WASHINGTON — The Navy must produce more heavy combat ships like the destroyers built at Bath Iron Works to meet the country’s national security needs, said Collins, R-Maine, during a speech to a defense industry trade association today and in an interview afterward.
Collins, a member of the Senate Armed Services Committee, said she hopes that President Obama’s 2013 budget proposal, due out in February, will call for building two destroyers a year for decades to come.
That would be an increase over the White House’s current shipbuilding blueprint, which plans for an average of 1½ destroyers a year, at a pace of constructing a single ship one year and a pair the next.
Building two destroyers a year isn’t just about protecting jobs at BIW, which employs about 5,400 people, Collins said.
The defense strategy outlined last week by Obama and Defense Secretary Leon Panetta called for increased Navy presence in the Asia-Pacific region to keep a vigilant eye on countries like North Korea and China. And that calls for heavy combat ships like destroyers, said both Collins and an independent analyst.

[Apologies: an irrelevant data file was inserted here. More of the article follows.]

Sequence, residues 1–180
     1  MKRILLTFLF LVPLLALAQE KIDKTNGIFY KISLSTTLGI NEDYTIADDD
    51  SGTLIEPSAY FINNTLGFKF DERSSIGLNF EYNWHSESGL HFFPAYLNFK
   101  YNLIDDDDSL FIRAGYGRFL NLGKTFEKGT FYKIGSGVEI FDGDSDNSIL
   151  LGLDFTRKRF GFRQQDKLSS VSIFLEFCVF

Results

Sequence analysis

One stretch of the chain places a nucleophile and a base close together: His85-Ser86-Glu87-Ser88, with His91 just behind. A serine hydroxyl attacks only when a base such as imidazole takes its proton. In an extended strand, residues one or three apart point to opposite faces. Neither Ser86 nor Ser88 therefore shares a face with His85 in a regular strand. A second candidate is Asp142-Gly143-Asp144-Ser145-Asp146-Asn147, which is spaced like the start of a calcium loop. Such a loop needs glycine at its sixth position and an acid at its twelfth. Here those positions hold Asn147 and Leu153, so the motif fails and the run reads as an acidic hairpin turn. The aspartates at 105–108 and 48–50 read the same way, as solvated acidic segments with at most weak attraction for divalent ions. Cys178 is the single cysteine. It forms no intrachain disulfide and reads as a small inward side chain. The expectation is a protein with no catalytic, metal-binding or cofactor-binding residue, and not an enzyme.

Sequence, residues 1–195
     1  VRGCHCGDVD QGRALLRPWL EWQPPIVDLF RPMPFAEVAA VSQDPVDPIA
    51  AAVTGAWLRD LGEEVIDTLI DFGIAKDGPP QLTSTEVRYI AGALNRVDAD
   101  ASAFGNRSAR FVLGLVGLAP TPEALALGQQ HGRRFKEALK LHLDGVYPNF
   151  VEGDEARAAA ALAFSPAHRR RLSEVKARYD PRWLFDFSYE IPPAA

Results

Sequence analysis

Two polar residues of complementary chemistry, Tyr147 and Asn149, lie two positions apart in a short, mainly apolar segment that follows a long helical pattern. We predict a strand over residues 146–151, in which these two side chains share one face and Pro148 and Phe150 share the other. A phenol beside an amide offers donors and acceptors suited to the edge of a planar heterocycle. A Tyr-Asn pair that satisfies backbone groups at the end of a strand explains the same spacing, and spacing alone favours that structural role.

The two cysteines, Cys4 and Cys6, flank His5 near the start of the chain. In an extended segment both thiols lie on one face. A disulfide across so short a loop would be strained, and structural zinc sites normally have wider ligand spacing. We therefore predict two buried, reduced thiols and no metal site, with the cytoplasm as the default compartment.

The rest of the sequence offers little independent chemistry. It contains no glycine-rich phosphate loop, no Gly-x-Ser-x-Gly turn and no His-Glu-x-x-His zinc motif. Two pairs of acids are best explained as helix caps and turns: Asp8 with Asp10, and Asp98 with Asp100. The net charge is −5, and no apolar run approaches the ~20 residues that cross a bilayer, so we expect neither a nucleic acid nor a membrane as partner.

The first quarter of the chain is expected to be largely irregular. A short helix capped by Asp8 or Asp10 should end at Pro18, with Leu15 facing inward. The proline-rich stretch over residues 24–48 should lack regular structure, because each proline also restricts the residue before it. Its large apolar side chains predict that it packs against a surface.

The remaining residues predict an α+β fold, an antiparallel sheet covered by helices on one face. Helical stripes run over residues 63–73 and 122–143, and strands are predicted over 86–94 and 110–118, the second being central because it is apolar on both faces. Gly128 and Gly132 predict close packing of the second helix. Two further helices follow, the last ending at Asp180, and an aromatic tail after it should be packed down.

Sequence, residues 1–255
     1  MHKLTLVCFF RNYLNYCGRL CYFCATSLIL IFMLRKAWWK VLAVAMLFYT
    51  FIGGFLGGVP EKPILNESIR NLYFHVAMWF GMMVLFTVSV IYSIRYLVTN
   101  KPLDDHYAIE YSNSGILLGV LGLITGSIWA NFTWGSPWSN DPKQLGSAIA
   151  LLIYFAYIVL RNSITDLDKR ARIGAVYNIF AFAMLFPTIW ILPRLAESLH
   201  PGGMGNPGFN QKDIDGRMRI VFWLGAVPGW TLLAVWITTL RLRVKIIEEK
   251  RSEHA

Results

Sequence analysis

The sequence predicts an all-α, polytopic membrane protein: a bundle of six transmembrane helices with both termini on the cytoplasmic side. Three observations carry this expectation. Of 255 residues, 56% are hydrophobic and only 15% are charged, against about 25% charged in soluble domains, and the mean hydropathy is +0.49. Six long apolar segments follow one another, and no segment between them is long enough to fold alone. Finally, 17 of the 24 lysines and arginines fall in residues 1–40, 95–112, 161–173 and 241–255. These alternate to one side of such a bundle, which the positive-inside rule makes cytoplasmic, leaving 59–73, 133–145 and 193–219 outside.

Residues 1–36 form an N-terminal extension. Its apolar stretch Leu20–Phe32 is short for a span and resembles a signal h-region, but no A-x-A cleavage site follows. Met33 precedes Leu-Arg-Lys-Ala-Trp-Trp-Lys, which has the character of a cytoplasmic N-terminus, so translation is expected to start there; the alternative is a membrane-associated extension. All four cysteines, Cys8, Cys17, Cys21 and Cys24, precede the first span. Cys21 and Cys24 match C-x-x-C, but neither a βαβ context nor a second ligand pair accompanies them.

“What I would like to see is two every year,” Collins said. “That’s what we need, at a minimum. And that’s what we also need for our national security. This isn’t just an industrial base and my desire to see work for Bath Iron Works, though obviously those are great concerns of mine. But it is what our national security needs require.”
Independent defense analyst Loren Thompson said he believes building two destroyers a year is indeed part of the White House’s 2013 budget proposal, and he agreed with Collins that more destroyers are needed to meet the White House’s defense strategy goals in the Asia-Pacific.
“My understanding is that the Navy budget has been robustly funded,” said Thompson, a defense analyst at the Lexington Institute, a think tank based in Arlington, Va.
“The plan that the Navy is on requires at least two destroyers every year for the foreseeable future.”
The 2012 defense bill approved by Congress last year authorized spending $2.5 billion for work on three destroyers at BIW. That assures work there until 2017.
But Jeffrey Geiger, BIW’s CEO who also was at the Surface Navy Association meeting, said unless the Navy commits to two destroyers a year going forward, the pace of work could begin to slow in 2015.
“The workload runs out through about 2017,” Geiger said. “It starts to decrease after about 2014 until new ships as the senator is describing are added.”
MaineToday Media Washington Bureau Chief Jonathan Riskind can be contacted at 791-6280 or at: firstname.lastname@example.org Twitter: Twitter.com/MaineTodayDC